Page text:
Emerging bonds and currencies offer carry opportunities

investment insights

Emerging bonds and currencies offer carry opportunities

Stéphane Monier - Chief Investment Officer<br/> Lombard Odier Private Bank

Stéphane Monier

Chief Investment Officer
Lombard Odier Private Bank

Emerging market currencies and bonds began 2019 by rallying. Emerging currencies have gained an average of 0.7% versus the US dollar since the start of the year while the MSCI Emerging Market Index has jumped 7.3% over the same period. Going forward, emerging market debt and currencies should benefit from the search for yield.

With interest rate normalisation on hold and slowing global growth, we believe that carry strategies should benefit.

After a difficult last quarter of 2018, this year markets turned on the Federal Reserve’s 30 January announcement that it would pause its interest rate hiking cycle. That has reduced the danger of a recession in the US triggered by a policy mistake, and risk assets reacted positively. With interest rate normalisation on hold and slowing global growth, we believe that carry strategies (borrowing at low interest rates and investing in high-yielding assets), should benefit.

High-yielding emerging currencies will benefit from the search for yield.

The decision by the Fed is also part of a wider trend of central banks easing their policies, lessening the likelihood of emerging currencies suffering from a sudden currency sell-off.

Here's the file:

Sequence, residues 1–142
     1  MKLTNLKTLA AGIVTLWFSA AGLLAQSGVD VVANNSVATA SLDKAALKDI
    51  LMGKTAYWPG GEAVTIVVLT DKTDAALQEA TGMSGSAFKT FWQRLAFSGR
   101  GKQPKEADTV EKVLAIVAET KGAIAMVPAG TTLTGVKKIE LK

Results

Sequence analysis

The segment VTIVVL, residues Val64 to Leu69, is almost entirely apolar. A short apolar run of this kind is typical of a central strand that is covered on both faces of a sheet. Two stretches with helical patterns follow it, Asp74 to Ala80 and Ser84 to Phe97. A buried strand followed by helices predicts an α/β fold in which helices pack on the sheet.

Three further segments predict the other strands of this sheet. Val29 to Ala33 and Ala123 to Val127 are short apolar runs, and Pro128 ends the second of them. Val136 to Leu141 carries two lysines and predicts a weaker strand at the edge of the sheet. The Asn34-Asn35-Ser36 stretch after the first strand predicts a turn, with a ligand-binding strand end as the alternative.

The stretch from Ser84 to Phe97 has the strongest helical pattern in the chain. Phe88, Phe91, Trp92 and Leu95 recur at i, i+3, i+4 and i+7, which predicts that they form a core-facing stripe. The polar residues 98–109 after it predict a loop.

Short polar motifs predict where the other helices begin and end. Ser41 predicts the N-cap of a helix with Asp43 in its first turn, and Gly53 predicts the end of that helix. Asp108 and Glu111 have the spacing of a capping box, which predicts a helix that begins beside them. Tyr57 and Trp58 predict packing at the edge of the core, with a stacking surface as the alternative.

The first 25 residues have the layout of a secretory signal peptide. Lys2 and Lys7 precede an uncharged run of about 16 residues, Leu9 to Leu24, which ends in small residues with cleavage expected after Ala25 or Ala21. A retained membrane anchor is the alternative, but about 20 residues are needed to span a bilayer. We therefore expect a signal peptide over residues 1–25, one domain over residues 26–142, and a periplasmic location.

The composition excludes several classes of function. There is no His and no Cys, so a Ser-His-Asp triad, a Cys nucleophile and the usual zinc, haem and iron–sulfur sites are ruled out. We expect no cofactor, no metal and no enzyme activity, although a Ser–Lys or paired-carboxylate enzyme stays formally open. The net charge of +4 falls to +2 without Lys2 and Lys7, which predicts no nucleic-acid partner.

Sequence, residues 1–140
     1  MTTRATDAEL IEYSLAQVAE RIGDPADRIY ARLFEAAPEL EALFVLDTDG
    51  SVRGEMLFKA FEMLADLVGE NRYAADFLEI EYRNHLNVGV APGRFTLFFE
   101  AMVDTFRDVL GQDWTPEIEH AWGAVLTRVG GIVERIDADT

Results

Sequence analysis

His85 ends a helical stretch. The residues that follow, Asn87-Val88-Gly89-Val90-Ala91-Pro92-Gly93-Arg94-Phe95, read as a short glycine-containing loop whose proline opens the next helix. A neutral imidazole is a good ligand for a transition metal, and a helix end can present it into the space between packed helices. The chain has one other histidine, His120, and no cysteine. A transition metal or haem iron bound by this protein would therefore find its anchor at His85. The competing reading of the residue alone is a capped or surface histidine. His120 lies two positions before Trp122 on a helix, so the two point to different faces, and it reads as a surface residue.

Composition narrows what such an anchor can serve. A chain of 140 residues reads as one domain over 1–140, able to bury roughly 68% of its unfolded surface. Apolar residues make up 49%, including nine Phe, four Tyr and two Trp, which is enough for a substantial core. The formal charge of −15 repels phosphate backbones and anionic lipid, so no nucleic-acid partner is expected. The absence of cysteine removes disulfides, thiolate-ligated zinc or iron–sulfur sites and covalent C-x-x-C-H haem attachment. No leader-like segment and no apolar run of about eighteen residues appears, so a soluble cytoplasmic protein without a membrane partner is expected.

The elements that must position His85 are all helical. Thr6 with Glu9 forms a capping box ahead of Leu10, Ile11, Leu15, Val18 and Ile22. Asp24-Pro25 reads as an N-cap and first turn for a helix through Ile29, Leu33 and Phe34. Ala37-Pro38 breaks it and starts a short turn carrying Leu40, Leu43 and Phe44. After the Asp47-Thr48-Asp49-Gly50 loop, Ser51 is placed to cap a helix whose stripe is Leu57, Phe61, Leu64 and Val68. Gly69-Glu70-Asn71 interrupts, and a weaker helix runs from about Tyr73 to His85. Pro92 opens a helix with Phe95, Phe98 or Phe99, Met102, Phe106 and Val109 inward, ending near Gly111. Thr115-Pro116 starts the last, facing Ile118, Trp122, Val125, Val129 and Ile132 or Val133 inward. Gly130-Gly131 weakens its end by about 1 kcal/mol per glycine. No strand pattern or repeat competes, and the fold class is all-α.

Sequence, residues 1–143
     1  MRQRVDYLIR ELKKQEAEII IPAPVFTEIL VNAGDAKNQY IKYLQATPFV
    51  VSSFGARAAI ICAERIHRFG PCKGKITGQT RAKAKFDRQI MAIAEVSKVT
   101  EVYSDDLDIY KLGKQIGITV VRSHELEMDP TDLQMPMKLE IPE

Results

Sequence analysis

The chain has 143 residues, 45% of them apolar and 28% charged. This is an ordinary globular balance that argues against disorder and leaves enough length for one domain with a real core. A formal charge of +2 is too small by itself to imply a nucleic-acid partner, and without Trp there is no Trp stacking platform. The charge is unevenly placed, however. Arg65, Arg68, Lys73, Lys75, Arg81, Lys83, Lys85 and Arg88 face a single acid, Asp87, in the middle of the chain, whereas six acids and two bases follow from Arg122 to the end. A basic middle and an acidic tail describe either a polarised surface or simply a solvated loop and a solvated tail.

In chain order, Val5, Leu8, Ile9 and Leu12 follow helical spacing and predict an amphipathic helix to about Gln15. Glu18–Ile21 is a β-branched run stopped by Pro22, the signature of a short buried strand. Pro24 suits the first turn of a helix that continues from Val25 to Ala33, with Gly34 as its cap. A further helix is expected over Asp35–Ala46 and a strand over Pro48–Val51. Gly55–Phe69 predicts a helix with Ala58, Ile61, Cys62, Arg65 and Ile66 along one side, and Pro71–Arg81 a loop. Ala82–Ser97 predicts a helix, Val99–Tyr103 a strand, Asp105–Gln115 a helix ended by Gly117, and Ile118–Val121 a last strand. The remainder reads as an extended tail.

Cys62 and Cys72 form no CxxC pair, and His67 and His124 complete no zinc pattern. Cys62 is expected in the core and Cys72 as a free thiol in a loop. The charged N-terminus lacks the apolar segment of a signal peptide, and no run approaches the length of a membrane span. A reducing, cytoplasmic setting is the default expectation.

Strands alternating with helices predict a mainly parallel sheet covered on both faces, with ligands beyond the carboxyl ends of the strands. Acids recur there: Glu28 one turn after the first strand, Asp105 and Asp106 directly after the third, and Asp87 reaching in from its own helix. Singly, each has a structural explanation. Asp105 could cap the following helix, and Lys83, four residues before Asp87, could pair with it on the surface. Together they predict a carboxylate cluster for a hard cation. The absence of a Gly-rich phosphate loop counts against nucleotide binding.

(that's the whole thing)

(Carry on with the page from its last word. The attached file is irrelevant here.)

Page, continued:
Investors are watching for signs that the US economy may be moving toward a recession, at a time when the Fed lacks policy responses to fight it because interest rates are already so low. A survey last week of fund managers by Bank of America Merrill Lynch found the largest net overweight cash position in a decade and global equity holdings fell to their lowest since September 2016. A Reuters poll of 110 economists showed last week that they see a 25% chance of a US recession this year. Considering that fiscal stimulus will fade this year, the Fed’s pause is a sound strategy in the current tighter interest rate environment to let the global economy 'soft land'.

“We’re clearly in worse shape” to deal with another recession compared with 2008, Nobel laureate economist Paul Krugman told Bloomberg News last week. Ten years ago, there was room to cut interest rates and public debt was lower, Professor Krugman said. “And we came into the last crisis with pretty remarkable leadership… Let’s put it this way, our current Treasury Secretary is no Hank Paulson.”

In the shorter run, the single biggest threat identified by investors and economists is the US-China trade dispute. While the tension appears to be lessening ahead of a 1 March deadline to increase tariffs further, they remain difficult to forecast since the US’s willingness to reach a compromise depends on the US President, who has limited support from his political base and party for his approach. Nevertheless, we remain optimistic that an extension to the March deadline will be agreed, without an immediate rise in tariffs. In this scenario, global markets would become more optimistic about growth worldwide.

Impact on investment strategy

In this environment, we have pursued our strategy of gradually reducing risk exposure in our portfolios. Specifically, we think that emerging market equities are no longer cheap (see chart 1). The MSCI Emerging Markets Index is up by more than 7.3% year-to-date, with expectations for earnings-per-share growth of 6% for 2019. As our fundamental target value has been reached, we have sold our overweight position in emerging equities, in place since early December, and shifted risk exposure in emerging market equities into emerging market local debt.